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January 30, 2008
Between storms


Gail made a new friend up on our mountain

When we last left our mountain house at the beginning of January, we had just been through the worst storm in two years. We discovered that while the roof doesnít leak, the walls do. We departed in a hurry, basically leaving the leaks and mess to be dealt with at a future date.

After we returned to the Bay Area, Gail had numerous telephone and email exchanges with the folks at Topsider (who had supplied our kit home) to figure out why our walls were leaking. The first thing she discovered was that our longtime customer service rep, Brian Reed, is no longer with the company.

Starting with a new contact, Gail began to go through her list of questions. Why were our exterior wall panels constructed without a Tyvek vapor barrier? As it turns out, they were made with T1-11 plywood siding, which does not require a barrier. All of the walls do need to be stained though, and we have not finished doing that yet.

Why were our walls leaking? Gail was shocked to learn that Topsider had not caulked any of the seams in any of the exterior walls. Dumbfounded, Gail asked why. The Topsider rep explained that there are two kinds of caulking, depending on whether the finished house is stained or painted. Because Topsider doesnít know what the owner will ultimately do, Topsider doesnít caulk anything at all. The rep further explained that any contractor would have known this.

Gail asked why Topsider didnít simply caulk all of the seams underneath the finished wood, where they would not be exposed to any stain or paint. The rep didnít really have an answer to this question. In the end, it was obvious that the reason our walls leak is because none of the seams have been caulked. We had a new construction priority, but we would be dependent on both the weather and our availability.

Our first opportunity would be right after our daughter Colleen returned to Michigan. Unfortunately, this would also be a weekday, when Russell was at work and the boys were at school. Nevertheless, Gail drove back up on Monday, January 7 for her first-ever night alone up on the mountain. Her goals were to clean up any water damage, empty any catch basins as necessary, and begin caulking the two most critical walls Ė the master bedroom and Joss' bedroom, which faced the south toward the wind.

Gail did well caulking the exterior in the cold and wind. To reach a wall outside the master bedroom that had no deck access, she ended up hanging outside the window and caulking blindly by feel. She even single-handedly removed and re-installed a sliding glass door.

We would not have another chance to drive back up together again until Saturday morning, January 26, leaving the boys at home. It would be a short weekend, but another incentive was that it had snowed earlier in the week. Although the sun was now out again (hence our visit), we hoped to see some remnants. We also hoped to make more progress in caulking, wall building and wiring.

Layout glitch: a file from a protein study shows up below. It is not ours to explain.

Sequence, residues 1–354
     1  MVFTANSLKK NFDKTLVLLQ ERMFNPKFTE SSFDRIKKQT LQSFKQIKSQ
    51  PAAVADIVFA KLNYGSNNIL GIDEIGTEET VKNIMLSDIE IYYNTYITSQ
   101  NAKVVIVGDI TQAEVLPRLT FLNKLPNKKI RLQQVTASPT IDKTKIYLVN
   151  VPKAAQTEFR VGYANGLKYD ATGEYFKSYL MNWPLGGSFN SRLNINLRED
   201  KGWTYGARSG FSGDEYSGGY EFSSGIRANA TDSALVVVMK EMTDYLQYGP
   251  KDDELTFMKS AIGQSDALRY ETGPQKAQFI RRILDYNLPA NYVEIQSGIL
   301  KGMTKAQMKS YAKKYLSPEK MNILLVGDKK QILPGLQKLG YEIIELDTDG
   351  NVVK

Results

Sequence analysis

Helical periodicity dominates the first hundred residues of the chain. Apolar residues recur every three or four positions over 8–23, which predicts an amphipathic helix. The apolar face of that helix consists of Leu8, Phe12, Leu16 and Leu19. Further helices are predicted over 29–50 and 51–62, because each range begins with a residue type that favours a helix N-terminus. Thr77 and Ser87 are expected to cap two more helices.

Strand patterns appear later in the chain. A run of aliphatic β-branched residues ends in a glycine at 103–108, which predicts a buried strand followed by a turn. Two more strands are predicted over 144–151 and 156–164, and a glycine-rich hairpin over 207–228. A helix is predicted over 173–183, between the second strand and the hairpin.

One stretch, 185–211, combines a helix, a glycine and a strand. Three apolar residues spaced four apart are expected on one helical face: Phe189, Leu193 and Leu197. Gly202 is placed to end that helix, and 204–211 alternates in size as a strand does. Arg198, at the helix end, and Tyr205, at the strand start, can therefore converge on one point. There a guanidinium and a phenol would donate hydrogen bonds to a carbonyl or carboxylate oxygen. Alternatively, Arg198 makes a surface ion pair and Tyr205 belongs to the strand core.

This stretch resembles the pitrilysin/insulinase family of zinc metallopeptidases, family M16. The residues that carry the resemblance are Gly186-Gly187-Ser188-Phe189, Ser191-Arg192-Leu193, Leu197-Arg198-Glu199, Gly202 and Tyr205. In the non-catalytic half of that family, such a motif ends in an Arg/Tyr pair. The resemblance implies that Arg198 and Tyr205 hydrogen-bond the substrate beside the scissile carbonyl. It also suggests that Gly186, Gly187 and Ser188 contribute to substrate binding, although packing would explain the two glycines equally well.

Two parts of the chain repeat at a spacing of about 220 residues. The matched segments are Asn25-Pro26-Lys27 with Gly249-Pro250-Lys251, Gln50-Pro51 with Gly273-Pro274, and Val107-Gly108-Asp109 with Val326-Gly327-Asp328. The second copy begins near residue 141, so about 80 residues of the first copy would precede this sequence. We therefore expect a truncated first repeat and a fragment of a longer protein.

We saw evidence that it had snowed, but there was little left by the time we arrived

Once again, our careful plans were interrupted by reality. When driving the last quarter mile to the house, we discovered that a large tree had fallen down across the dirt road Ė a casualty of the recent storms. We walked the last distance to the house and returned with a chain saw and clippers. We took half of the afternoon to cut and clear the tree.

    
We spent the first half of the afteroon cutting and clearing a tree

As we surveyed the area, we also saw that autumn oak leaves now covered the dirt road. In addition to making the road slippery, they also clogged the water run-off ditches. As a result, the rain water was now eating gullies into the dirt road. After going back up to the house once more to get rakes, we ended up taking the other half of the afternoon to rake leaves.


We spent the second half of the afternoon raking leaves

The good news is that the house itself appears not to have suffered any permanent water damage. We spent Sunday cleaning up, putting down dry newspaper and emptying the catch basins. However, we were only able to do a minimal amount of caulking before it was time to leave.


The tree across the road wasn't our only storm casualty. We also lost a huge fir tree on top of the mountain near the house.

After returning to the Bay Area, Gail turned around and drove back up to the mountain only two days later, once again during midweek.

There were three reasons. First, Gailís step-brother (and electrician) Jim was available that day, and Gail wanted to consult with him about the electrical wiring. Second, there would be another clear day between storms to do some more caulking. Third, there had been another rare snowfall, and Gail really wanted to see some of the white stuff on our mountain.

So on Wednesday, January 30, Gail and Jim went back up for a day trip. Sure enough, the road, trees and house were all covered with a thin layer of snow. Gail and Jim were able to accomplish most of what they came up for, including more caulking and wiring. One task that they did not accomplish was to install an outlet at the step-up pump down the hill to power the heat tape. Once again, that will have to wait for another day.

We are hopeful that the heavy storms and freezing weather are mostly done for the season. As the weather continues to improve, we hope to finish caulking, staining and sealing the house so that it is truly weather tight.

In the meantime, Gail beat the rest of us by being the first one to experience snow on our mountain.


Gail enjoys her own personal snow day

 

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